“How do you end up with this recommendation? It just doesn’t add up to me,” she said, later adding that it’s “not rational” for some physicians to “pick and choose” which data to believe.
“How can you completely dismiss a phase 3 clinical trial that has been peer reviewed in The New England Journal of Medicine?”
Some of sipuleucel-T’s harshest critics are from the United Kingdom, where the National Institute for Health and Excellence (NICE) last month refused to recommend the therapy for prostate cancer patients, purely for cost reasons. However, British outlets covering the NICE decision noted that getting the immunotherapy to patients overseas would present a different set of manufacturing and shipment challenges than those found in the United States.5
Both Higano and Vogelzang soundly rejected arguments that the ASCO recommendation might have been influenced by the drug’s cost. First, Vogelzang said, the fact that the therapy is administered differently from others does not mean it is more expensive, especially when the lack of side effects is taken into account. And second, both Higano and Vogelzang said that, as physicians, it’s their job to make the best therapeutic options available to their patients.
Sipuleucel-T is administered in 3 doses costing $31,000 each over a 5-week period. A standard chemotherapy option, enzalutamide, costs $8000 a month, Vogelzang said; if a patient takes it for 12 months, the costs are roughly the same, and some patients take it longer. “I cannot understand why there is a focus on monthly cost versus total cost,” he said.2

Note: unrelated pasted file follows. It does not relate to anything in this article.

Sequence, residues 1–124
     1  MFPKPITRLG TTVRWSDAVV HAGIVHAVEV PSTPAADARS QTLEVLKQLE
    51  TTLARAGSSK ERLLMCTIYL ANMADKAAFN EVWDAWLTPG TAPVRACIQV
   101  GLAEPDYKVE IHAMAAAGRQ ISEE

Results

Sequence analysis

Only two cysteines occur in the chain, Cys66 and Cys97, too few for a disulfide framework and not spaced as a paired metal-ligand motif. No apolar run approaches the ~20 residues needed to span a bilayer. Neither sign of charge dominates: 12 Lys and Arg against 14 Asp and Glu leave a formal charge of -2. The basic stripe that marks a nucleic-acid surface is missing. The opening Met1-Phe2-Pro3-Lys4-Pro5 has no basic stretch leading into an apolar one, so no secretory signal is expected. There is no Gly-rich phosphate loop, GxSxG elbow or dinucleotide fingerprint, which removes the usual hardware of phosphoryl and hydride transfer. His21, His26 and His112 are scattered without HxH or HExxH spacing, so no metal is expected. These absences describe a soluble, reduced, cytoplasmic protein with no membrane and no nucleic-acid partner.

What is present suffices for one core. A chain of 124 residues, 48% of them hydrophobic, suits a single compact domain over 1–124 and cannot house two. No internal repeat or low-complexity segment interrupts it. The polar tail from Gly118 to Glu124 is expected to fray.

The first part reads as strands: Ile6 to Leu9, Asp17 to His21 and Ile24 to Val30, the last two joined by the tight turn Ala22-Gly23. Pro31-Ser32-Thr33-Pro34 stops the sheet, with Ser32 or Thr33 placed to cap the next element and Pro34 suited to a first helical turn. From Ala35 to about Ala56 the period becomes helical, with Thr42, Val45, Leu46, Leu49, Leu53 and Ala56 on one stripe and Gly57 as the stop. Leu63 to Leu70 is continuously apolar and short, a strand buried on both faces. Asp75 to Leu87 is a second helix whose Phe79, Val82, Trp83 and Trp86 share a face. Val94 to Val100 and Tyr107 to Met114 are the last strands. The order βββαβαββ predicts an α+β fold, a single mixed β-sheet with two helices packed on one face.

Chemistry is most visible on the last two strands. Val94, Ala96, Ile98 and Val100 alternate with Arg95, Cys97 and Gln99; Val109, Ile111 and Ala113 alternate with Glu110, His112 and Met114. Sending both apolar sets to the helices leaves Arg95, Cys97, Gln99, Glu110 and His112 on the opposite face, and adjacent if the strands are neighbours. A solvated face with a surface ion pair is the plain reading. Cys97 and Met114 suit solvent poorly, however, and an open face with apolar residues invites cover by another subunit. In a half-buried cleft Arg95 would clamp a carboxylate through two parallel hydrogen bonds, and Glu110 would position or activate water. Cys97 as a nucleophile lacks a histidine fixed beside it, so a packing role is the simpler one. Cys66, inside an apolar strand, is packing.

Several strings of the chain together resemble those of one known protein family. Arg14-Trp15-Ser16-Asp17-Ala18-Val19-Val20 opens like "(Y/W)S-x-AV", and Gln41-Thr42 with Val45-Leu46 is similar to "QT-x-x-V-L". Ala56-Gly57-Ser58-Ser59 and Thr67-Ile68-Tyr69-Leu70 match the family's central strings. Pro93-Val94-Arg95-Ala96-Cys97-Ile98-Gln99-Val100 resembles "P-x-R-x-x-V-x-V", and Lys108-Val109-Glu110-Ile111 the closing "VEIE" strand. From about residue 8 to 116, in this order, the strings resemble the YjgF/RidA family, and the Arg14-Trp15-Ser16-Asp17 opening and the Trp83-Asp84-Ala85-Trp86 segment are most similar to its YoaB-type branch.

He added, “If you wanted to make cost the primary issue in treating patients, you could argue that we’d save a lot of money rapidly if we simply required surgical castration.”2
Despite the ASCO committee’s decision, Higano said that, from her vantage point, immunotherapy in cancer treatment generally is taking off, and that this incident is not going to stop progress in the use of immunotherapy to treat prostate cancer. “It’s going to go forward anyway,” she said.References
1. Incollingo BF. New ASCO/CCO mCRPC treatment guideline incorporates latest approved drugs. OncLive. http://www.onclive.com/web-exclusives/New-ASCOCCO-mCRPC-Treatment-Guideline-Incorporates-Latest-Approved-Drugs. Published September 8, 2014. Accessed October 24, 2014.
2. Incollingo BF. Vogelzang disputes “weak” guideline rating for sipuleucel-T. OncLive. http://www.onclive.com/publications/urologists-in-cancer-care/2014/October-2014/Vogelzang-Disputes-Weak-Guideline-Rating-for-Sipuleucel-T. Published October 3, 2014. Accessed October 24, 2014.
3. Caffrey MK. Understanding which therapy comes first in treating castration-resistant prostate cancer. Am J Manag Care. 2014;20(SP7):SP208-SP209.
4. Kantoff PW, Higano CS, Shore ND, et al. Sipuleucel-T immunotherapy for castration-resistant prostate cancer. N Engl J Med. 2010;363(5):411-422.
5. Cost to NHS of providing sipuleucel-T too high to be recommended in draft guidance [press release]. London, UK: 2014; National Institute for Health and Care Excellence. October 16, 2014. https://www.nice.org.uk/news/press-and-media/sipuleucel-t-cost-too-high-for-nhs-draft-guidance.